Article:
Andrea Tantaros: “After tonight it looks like a 2 person race. My headline — Perry and Romney: the Obama and Clinton of 2012.”
So which one ends up as Secretary of State?
S. E. Cupp wonders about a bigger unity ticket: “Is a Perry/Romney ticket feasible? More importantly, is it too good-looking?”
Pete Dominick scoffs, “Bruce Wayne & Clark Kent 2012.” (You knew Perry would be Batman in that scenario, right? Why do I see the final Perry-Romney debate going down like the climax of The Dark Knight Returns?)
All eyes were on the new guy, who just happens to be leading the field. I see a lot to like in Rick Perry, but I have those nagging doubts. For starters, I walk into this decision knowing I have to balance how much I like him against the criteria of whether enough voters in enough states to amount to 270 electoral votes like him. There’s no point in getting the GOP to nominate my ideal candidate — say, the mind of Friedrich Hayek with the charisma of Salma Hayek — if the country won’t elect him or her.
On Perry, I like the tough-talking Texan persona, and I know that he’s a different man, with a distinctly different record, than George W. Bush. I just don’t know if those low-information wishy-washy independents will grasp that, or whether they’ll hear the voice and the title “Texas governor” and just write him off. They shouldn’t, but to paraphrase Donald Rumsfeld, “You don’t go into a presidential decision with the voters you would like to have; you go into the election with the voters you have.” Perry’s decision — quickly rescinded — to mandate the vaccination of Texas schoolgirls for HPV, a decision which came up Wednesday night, appears to be an epic mental pratfall. We all have them, but it’s worrisome to have one in a decision that strikes such an emotional chord and that seems so basic in its relation to civil liberties. Another comment by Perry — that he’ll do “whatever it takes to preserve human life” — feels a little too casual in its dismissal of balancing the costs and benefits. A 45 mile-per-hour speed limit would help preserve human life. So would confiscating every steak knife in the country.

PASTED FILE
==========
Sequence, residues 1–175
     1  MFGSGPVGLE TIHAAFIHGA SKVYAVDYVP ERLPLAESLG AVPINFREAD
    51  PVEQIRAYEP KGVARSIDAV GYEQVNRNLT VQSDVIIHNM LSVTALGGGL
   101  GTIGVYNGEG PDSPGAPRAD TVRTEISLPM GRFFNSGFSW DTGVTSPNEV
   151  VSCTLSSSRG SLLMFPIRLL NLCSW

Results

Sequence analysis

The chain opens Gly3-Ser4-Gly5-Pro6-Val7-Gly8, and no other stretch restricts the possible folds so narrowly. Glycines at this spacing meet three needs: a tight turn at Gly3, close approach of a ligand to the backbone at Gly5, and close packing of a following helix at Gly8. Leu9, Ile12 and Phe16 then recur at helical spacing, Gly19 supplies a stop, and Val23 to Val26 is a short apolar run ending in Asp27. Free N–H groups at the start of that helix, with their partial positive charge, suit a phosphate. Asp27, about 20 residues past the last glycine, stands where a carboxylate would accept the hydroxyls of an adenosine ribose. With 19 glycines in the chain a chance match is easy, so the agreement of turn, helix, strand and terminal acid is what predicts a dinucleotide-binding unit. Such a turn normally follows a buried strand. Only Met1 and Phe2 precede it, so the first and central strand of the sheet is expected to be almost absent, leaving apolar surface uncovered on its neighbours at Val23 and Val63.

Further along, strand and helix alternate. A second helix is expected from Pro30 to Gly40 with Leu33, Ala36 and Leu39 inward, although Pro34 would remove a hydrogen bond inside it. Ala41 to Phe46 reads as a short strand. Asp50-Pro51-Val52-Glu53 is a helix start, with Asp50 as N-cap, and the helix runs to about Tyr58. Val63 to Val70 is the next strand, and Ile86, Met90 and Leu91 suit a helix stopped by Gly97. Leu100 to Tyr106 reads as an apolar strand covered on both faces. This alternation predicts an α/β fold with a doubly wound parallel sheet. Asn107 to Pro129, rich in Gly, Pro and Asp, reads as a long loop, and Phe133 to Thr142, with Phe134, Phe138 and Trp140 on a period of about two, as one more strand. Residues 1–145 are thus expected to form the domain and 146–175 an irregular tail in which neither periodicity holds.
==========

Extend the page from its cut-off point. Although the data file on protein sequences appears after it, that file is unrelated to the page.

Ed Morrissey: “Perry didn’t do anything to dent his momentum. This will start settling into a binary race, and may not be much room for new entries.”
Our old friend David Freddoso declares that the biggest event of debate was that “the GOP frontrunner says Social Security is a ponzi scheme. Did he go too far, or is this twilight of the idols?”
Mary Katharine Ham sees it as a high-stakes gambling strategy from Perry: “After tonight, we’ll know whether we can admit SS is a broken promise or whether the politically palatable lie is all we can handle.”
Certainly, the opposition thinks Rick Perry committed inadvertent self-destruction by doubling down on his comparison of Social Security to a Ponzi scheme. Howard Fineman reports, “”Perry just lost the election,” said Romney’s top advisor. “He said he’d abolish Social Security! You can’t win federal office saying that.”
Melissa Clothier predicts, “The media will say Perry lost the debate. Perry’s poll numbers go up.”
Jon Henke notices, “Good sign for @GovernorPerry: @ThinkProgress thinks he lost.”
I hate to disappoint those who wanted to see a lot of reaction to Rick Santorum and Herman Cain, but . . . there just wasn’t much discussion of those guys last night.